Festival - Sabarimala Temple Festival: Must See India
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Sabarimala Temple Festival

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Being a secular country, India witnesses the presence of a vast variety of religions and sects. Festivals are dedicated and celebrated catering to each and every religion, and one amongst them is the Sabarimala Temple Festival that is held every year between November and January. The festival is dedicated to Lord Ayyappan, and the festivities and religious ceremonies are held at his temple located in Sabarimala atop the Sahayadhri Mountains in the state of Kerala.


This festival is one of the most popular festivals and attracts a huge number of devotees not only from India but also from abroad.The main deity Lord Ayyappa is an embodiment of Lord Shiva and Lord Vishnu. Although women between the ages of 10 and 50 years are not allowed to enter owing to religious reasons, people from all religion are welcome at the temple. There is also a small ‘Dargah’ dedicated to the Muslim Saint ‘Vavar’, who is believed to be a good friend and Lieutenant of the Lord.

Before proceeding to the temple, the devotees go on a 41-day religious ceremony, wherein they wear black dhotis, abstain from wearing footwear, eating non-vegetarian food, smoking, drinking and family life.

Unlike other temples, the temple at Sabarimala is not open throughout the year. The temple is open for a few days on the 1st of each Malayalam month (approximately the middle of each English Calendar Month) and during the pilgrimage season lasting between mid-November and mid-January. The season culminates with the legendary and mysterious MakaraJyothi, which is a celestial light that appears in the in the mountain range called Ponnambalamedu; facing the temple is believed to bring good fortune to those who witness it.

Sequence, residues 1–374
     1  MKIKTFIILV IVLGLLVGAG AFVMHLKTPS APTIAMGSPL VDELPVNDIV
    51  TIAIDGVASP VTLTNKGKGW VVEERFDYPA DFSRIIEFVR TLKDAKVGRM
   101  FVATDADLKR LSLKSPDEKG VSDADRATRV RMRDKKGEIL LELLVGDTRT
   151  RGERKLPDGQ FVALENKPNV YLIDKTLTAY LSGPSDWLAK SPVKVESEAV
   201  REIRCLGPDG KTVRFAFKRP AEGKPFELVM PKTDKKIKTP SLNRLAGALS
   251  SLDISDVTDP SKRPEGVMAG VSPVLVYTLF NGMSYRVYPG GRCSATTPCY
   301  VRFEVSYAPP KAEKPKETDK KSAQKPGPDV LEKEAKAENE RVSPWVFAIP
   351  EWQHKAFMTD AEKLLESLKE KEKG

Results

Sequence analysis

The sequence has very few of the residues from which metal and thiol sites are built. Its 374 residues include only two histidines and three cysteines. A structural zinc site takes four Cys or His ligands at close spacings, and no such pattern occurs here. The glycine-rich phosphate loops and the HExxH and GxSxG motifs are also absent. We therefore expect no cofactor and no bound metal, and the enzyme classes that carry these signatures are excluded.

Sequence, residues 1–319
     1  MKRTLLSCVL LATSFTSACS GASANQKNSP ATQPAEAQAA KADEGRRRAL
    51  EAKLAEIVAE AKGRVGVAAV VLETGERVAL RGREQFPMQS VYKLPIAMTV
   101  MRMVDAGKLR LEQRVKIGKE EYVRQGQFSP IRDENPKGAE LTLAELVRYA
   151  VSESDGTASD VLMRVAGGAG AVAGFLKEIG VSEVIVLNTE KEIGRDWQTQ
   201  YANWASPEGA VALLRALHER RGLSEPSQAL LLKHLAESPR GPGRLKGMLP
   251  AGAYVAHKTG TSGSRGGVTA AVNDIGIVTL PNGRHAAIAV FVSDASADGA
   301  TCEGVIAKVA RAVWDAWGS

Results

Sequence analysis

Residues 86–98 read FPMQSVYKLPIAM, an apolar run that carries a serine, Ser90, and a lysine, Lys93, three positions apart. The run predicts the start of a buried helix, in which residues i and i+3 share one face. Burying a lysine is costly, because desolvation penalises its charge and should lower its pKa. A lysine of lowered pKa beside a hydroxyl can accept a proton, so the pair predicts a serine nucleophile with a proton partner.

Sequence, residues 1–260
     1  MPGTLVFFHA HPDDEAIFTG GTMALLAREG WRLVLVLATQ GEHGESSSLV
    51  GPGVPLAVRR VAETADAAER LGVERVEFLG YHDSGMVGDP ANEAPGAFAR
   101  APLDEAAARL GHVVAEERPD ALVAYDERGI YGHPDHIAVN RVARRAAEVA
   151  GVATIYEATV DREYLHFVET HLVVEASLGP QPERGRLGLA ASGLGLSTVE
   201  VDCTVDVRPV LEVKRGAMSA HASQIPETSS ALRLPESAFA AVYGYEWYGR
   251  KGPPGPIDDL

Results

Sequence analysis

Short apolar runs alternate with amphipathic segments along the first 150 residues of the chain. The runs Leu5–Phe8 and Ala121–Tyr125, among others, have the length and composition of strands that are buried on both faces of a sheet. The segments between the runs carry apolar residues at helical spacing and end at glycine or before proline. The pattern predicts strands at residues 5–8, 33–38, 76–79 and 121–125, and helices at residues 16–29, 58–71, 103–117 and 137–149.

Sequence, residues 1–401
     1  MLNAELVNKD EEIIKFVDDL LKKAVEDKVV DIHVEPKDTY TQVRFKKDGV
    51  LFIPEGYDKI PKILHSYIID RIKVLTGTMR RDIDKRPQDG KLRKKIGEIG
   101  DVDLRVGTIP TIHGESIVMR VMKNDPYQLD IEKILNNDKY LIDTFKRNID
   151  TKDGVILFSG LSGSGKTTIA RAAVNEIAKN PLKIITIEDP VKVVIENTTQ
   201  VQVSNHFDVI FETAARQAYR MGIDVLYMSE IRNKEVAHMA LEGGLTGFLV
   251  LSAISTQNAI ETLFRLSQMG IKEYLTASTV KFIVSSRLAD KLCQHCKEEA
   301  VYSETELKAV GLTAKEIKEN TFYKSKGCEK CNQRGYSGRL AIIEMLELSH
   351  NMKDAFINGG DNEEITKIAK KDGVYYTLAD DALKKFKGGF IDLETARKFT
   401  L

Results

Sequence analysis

Tourist Essential

As this is a very pious and holy event; tourists are rarely seen at the temple. Owing to the temple remaining closed most of time, and the thick forest region and arduous journey involved in reaching the temple, many tourists flock only to the base of the mountain and not the summit. However, the devout are welcome to engage in the religious activities and seek the blessings of Lord Ayyappan. Nevertheless, tourists can explore the length and breadth of scenic Kerala promoted as ‘God’s Own Country’.


by Kapil
by Kapil